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5

This is a typical use of the past perfect. In a narrative like this, the use of the past perfect establishes that there is a temporal focus (even though the writer has not given any explicit information about it), and placed other events in the past relative to that focus. The reader can expect that the following sentences will relate to that temporal focus. ...


4

"I dislike his being blunt" means I dislike it when he speaks in a blunt manner. "I dislike him being blunt" means I dislike this person-- when he is being blunt. Actually, the first is more grammatically correct--and this is probably what the speaker means to say--- but people very often use the second way.


4

It's both. Or, it's either or. There is really no way to syntactically say for sure in a sentence whether a passive participle is acting as a predicative subject complement or whether it is part of a passive verb construction. Whether to interpret devastated here as an adjective or the matrix verb depends entirely on the semantics of the sentence. If it's ...


3

Depends is correct because whatever is singular. This has nothing to do the use of future simple in the preceding part of the sentence: it is just a matter of subject-verb agreement in the noun clause. However, the sentence makes very little sense even with the correct conjugation.


3

Because it indicates that the speaker does not pronounce it differently than without the apostrophe. Once a word is already plural and ends in /z/, we don’t add another /z/ to make it possessive. It sounds exactly the same. But we do add an apostrophe in writing so that people know what we meant, for goodness’ sake. :)


2

I think option 1 and 3 are correct but 2 is definitely wrong. I can feel it when reading aloud due to the use of the present tense and the past tense in the same sentence.


2

With the split infinitive, the syntactic attraction of the adverb is to the infinitive. Compare You are now allowed to quickly eat dinner. This gives you permission to gobble your food. But the semantic attraction of officially to the permission granted by allowed is strong enough that it's unlikely anyone would interpret the sentence to mean that the ...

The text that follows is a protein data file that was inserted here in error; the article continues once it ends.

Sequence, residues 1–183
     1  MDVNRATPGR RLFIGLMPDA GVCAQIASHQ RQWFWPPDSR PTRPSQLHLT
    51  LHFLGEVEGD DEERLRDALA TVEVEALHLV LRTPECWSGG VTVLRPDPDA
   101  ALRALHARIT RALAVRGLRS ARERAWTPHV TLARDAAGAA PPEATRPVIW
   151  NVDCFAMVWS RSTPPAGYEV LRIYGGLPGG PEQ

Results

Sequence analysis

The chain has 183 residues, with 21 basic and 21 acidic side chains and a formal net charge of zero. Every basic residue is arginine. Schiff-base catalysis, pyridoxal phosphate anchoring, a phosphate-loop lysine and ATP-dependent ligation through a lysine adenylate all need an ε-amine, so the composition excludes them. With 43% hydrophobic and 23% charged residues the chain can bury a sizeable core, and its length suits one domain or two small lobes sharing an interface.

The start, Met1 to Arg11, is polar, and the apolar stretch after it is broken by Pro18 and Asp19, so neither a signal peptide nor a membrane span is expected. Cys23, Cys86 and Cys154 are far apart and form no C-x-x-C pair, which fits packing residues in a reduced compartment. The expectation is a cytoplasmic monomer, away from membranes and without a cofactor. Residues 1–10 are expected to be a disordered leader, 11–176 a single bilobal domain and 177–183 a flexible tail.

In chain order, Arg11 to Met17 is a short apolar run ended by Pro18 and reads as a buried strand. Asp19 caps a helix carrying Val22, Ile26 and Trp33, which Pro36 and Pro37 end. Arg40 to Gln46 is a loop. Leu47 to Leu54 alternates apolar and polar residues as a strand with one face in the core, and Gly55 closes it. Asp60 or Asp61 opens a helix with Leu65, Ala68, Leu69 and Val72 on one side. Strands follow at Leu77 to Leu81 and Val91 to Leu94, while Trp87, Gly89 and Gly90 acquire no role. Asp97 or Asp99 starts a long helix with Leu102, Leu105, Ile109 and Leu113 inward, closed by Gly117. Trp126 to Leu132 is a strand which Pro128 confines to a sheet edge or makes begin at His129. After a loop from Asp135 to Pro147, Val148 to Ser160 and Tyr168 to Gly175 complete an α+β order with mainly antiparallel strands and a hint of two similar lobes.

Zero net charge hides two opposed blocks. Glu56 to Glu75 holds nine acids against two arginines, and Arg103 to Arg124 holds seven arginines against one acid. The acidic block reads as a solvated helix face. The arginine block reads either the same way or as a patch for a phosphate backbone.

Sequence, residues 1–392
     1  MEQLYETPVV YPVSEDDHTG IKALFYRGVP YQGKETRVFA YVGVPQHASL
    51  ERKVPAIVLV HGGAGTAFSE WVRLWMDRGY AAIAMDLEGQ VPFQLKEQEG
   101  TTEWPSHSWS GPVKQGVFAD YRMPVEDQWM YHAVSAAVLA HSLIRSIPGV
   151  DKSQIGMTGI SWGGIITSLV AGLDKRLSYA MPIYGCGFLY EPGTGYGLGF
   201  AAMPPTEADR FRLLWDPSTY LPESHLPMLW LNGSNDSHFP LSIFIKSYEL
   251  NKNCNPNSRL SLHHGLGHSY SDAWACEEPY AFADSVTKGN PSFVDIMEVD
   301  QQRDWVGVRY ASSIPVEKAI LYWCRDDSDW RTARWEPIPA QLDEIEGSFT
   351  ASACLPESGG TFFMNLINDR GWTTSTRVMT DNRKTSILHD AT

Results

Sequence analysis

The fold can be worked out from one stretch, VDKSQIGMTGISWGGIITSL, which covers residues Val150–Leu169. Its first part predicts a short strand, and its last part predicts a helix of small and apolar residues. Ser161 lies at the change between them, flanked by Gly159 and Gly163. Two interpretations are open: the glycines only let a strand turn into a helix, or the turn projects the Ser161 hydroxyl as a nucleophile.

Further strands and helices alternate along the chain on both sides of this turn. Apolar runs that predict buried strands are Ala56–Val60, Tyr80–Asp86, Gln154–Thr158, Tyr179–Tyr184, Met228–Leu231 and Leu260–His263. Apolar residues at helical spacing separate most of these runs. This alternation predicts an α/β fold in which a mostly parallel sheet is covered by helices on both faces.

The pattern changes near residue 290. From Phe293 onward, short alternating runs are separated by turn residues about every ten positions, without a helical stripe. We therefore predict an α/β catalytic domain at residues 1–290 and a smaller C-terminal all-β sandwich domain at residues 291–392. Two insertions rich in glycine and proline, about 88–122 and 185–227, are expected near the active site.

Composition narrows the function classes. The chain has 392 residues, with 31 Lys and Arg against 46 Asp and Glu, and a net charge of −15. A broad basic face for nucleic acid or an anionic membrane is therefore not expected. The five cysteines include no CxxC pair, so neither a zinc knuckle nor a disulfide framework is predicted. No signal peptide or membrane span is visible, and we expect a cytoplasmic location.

2

This is an old trope meaning to be seized with fear. The earliest that the Ngram viewer finds is from the periodical Punch from 1843. The phrasing's use is more directly illustrated in Rudyard Kiplings's story "Gemini" from Indian Tales (1890): Then a new fear came upon me and my bowels turned to water Consider a terror so great that the person so ...


2

Let's attempt to look at this another way. Instead of focusing on the "encouraged" part of the statement, let's look at all parts. "encouraged with--encouraged by": As you can see, the 'by' variant is the outright winner, but this doesn't tell the whole story. Now let's examine the latter part of Ryan's sentence, and you'll see that "with" is more ...


2

The number of different possibilities exceeds the amount of time available to make a verified account of the involved individuals and their specific circumstances. Dynamic conditions can make an accurate accounting time-dependant. By the time the information is reported by one person, it may have changed, making the existing report incorrect. Where data is ...


2

It's important here to distinguish between the preterite form of a verb, and the past tense meaning that is normally associated with the preterite form. The modal preterite use of some English verbs indicates modality, as the OP points out (not past time). For example, in I wish you went to the doctor more often than you do. ...or.. If you went to ...


2

The "past week" refers to the most recent week. If this is the fourth week of July, the "past" week would be the third week of July. The "last week" refers to the final week in a series. If the fourth week of July is the last, or final of four weeks of July, the current week would be the last week of July. "Last" week can be used for the "past" week, if ...


1

The difference is "past week" would be to count back exactly a week from now, while "last week" is the calendar week preceding the present week. "Past week" is usually used when going through something/event. "Last week" is usually used to point to that particular week. Example: For the past week, it was raining heavily. Last week, it was ...


1

"to London" OED, deliver, v, definition 8.b To hand over, transfer, commit to another's possession or keeping; spec. to give or distribute to the proper person or quarter (letters or goods brought by post, carrier, or messenger); to present (an account, etc.). Const. to, or with simple dative. Here, const. stands for "construed with" and is used to ...


1

People would know what you mean. However, one of the sentences sounds a little strange. Here's why... "You are now allowed to officially eat dinner." This is not preferred. In this sentence, "officially" modifies "eat". That's because the two words are next to each other. So then, how do you eat officially? You can eat quickly. You can eat happily. ...